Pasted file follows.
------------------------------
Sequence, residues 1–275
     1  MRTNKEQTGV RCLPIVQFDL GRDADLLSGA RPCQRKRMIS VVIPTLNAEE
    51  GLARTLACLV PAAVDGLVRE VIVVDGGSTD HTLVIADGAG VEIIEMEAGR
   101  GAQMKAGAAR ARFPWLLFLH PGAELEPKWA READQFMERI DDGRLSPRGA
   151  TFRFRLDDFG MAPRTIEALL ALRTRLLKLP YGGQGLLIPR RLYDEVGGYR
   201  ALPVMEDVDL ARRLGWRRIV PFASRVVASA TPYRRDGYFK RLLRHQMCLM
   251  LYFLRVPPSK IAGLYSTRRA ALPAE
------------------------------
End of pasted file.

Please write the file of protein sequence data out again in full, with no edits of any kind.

Sequence, residues 1–275
     1  MRTNKEQTGV RCLPIVQFDL GRDADLLSGA RPCQRKRMIS VVIPTLNAEE
    51  GLARTLACLV PAAVDGLVRE VIVVDGGSTD HTLVIADGAG VEIIEMEAGR
   101  GAQMKAGAAR ARFPWLLFLH PGAELEPKWA READQFMERI DDGRLSPRGA
   151  TFRFRLDDFG MAPRTIEALL ALRTRLLKLP YGGQGLLIPR RLYDEVGGYR
   201  ALPVMEDVDL ARRLGWRRIV PFASRVVASA TPYRRDGYFK RLLRHQMCLM
   251  LYFLRVPPSK IAGLYSTRRA ALPAE